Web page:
This Charming Girl (여자, 정혜, Lee Yoon-ki, 2004)

This Charming GirlIt’s strange how, even in this increasingly interconnected world, our relationships with those around us are often wilfully superficial. Trapped within our own self-obsessed perspectives, we often fail to see beneath the surface of social conformity to realise that others are also lonely or troubled, wishing someone would see them but also afraid to make plain the various ways they don’t measure up to a social ideal. The heroine of Lee Yoon-ki’s This Charming Girl (여자, 정혜, Yeoja, Jeong-hye) is just such a woman – “charming” in her perfectly composed exterior, in many ways an embodiment of traditional femininity in her near invisibility as she gets on with her life and work quietly and with efficiency. There are however tiny cracks in the surface of her ordered existence that betray an ongoing, perhaps incurable anxiety.

Jeong-hae (Kim Ji-soo), a young woman in her late twenties, has an ordinary job working on the counter in the local post-office. As we later find out, she was once married but walked out on her new husband on their wedding night and, following the death of her mother, lives alone in the same apartment she has lived in all her life. Despite being well liked at work and taking lunch with the office ladies, Jeong-hae is perhaps not quite part of the group and finds it hard to relate to her noisy colleagues who gossip about her behind her back and when all is said and done probably regard her as a fellow employee rather than friend. Jeong-hae’s days are mostly spent alone, her interactions with others outside of work extend only to awkward telephone conversations with an unkind aunt, and an angry neighbour complaining about her extremely loud alarm clock.

Despite her shyness and self-imposed isolation, Jeong-hae is a kind and caring person with a gentle, nurturing personality. In the absence of human connection, she lovingly tends to her plants but is wary of taking on responsibility for more complex creatures and it’s only after a few mornings of noticing a melancholy, mewling kitten on her way to the bus stop that she decides to pick it up and take it to a vet. Suddenly being a cat owner has a profound impact on Jeong-hae’s way of life even if the skittish creature echoes her own sense of mistrust born of previous trauma in insisting on hiding under the sofa. Bonding with a living creature brings back painful memories of her traumatic past which threaten to impede her new sense of forward motion even as she attempts to outrun them.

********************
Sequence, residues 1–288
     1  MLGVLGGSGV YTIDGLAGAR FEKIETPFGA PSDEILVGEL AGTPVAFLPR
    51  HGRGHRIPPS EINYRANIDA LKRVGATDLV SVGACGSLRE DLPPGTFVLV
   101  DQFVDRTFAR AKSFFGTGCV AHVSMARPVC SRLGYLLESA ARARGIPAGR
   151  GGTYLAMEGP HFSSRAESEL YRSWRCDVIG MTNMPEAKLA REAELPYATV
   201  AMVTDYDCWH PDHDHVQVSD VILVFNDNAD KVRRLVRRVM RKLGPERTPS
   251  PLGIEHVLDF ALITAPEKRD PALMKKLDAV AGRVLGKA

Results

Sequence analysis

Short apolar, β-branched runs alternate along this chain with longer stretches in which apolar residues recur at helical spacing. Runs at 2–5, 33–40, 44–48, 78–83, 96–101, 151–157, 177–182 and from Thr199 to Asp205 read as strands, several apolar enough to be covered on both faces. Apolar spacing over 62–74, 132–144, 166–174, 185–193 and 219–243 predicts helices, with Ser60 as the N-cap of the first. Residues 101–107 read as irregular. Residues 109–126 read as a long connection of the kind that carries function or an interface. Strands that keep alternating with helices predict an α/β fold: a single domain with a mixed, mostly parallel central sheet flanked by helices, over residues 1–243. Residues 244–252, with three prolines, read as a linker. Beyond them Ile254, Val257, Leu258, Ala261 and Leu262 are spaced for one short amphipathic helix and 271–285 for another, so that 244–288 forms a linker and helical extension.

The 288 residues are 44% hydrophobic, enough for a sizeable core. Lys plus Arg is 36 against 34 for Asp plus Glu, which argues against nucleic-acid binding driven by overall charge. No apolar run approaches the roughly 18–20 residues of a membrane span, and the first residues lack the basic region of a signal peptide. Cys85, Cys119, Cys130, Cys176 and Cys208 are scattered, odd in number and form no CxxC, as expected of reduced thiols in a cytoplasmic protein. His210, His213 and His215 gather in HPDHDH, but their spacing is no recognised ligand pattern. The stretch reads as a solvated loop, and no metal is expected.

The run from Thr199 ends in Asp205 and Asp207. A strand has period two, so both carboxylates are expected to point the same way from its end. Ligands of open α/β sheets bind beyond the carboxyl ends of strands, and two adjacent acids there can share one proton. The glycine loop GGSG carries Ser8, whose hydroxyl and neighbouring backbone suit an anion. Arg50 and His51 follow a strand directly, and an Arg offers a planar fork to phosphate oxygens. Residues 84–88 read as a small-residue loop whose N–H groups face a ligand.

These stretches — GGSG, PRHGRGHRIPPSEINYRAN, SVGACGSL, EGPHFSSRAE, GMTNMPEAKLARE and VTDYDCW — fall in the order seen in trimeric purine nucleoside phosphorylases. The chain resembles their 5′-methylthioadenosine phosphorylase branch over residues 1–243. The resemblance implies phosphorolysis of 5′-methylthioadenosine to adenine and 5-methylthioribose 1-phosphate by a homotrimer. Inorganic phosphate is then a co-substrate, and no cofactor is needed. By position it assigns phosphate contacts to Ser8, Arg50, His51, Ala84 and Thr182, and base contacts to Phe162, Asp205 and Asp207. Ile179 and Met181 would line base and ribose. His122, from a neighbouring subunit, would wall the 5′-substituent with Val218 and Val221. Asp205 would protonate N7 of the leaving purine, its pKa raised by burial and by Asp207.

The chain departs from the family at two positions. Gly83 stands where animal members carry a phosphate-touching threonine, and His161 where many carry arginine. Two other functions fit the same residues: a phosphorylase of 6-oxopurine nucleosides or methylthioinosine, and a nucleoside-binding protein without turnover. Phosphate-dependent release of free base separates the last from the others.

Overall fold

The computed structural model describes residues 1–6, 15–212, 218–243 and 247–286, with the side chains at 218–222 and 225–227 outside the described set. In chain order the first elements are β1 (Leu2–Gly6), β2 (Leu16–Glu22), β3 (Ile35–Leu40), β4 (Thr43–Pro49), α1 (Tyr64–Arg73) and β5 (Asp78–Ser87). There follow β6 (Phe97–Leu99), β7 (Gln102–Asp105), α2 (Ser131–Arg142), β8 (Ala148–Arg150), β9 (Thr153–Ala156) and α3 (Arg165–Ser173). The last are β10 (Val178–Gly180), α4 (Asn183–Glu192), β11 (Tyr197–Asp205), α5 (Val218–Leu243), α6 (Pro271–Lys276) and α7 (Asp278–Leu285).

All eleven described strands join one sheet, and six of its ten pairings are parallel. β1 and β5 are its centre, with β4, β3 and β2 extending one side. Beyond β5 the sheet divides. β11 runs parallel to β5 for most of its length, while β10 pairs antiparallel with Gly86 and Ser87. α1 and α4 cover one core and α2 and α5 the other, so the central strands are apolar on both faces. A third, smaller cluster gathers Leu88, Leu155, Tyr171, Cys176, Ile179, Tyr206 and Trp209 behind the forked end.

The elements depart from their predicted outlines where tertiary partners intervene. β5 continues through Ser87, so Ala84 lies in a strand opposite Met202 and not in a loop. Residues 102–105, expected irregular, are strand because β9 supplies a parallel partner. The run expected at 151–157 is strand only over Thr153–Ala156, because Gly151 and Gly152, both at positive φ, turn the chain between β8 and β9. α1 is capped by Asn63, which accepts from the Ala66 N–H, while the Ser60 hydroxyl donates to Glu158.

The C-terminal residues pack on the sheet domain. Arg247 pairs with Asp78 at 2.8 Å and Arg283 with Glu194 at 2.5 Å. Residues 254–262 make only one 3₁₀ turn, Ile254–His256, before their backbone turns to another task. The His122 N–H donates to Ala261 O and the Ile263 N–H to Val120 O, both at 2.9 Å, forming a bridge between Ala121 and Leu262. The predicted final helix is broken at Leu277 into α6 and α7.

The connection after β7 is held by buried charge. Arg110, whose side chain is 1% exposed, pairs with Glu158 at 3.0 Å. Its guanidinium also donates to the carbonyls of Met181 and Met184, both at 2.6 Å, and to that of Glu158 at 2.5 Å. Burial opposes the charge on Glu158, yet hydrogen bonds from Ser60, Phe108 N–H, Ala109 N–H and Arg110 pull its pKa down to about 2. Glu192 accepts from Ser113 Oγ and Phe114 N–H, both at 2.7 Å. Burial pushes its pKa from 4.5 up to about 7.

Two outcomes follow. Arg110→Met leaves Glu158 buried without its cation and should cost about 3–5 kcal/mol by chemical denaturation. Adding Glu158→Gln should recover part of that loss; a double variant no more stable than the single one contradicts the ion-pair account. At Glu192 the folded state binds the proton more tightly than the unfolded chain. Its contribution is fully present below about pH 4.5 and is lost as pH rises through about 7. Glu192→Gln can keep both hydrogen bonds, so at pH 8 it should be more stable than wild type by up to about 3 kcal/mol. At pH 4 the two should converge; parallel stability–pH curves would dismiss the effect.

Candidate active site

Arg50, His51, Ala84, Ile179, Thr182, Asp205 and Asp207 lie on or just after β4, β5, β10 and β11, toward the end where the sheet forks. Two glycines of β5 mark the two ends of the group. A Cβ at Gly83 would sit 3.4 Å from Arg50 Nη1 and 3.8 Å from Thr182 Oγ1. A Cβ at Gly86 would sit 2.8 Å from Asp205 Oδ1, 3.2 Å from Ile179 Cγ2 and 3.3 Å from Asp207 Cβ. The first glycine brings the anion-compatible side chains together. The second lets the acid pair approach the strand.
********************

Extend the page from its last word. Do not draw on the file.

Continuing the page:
The kitten isn’t the only stray Jong-hae picks up, later she takes pity on a sad young man who became involved in a drunken bar fight and alienated all his friends. Generally speaking, for reasons we later come to understand, Jeong-hae is wary of men and of male physicality. A rare visit to a shoe shop provoked by an unpleasant meeting with her ex-husband who has only got back in touch to express how much she hurt him by walking out without explanation, makes plain her distress even with perhaps “ordinary” everyday interactions. Though she does her best to endure it, Jeong-hae’s discomfort with the salesman’s hard sell tactics as he uses overfamiliar language and roughly manhandles her feet into a pair of sandals (which do not really suit her) eventually results in an extremely rare instance of self-assertion as she tells the assistant off, politely, before stopping to advise the woman behind the counter that perhaps men should not be selling women’s shoes or at any rate they should treat their customers as “people” rather than sales targets. Nevertheless, something about the drunken young man tells her that he is not a threat, only another person who seems to be in a dark place and probably in need of a stranger’s ear.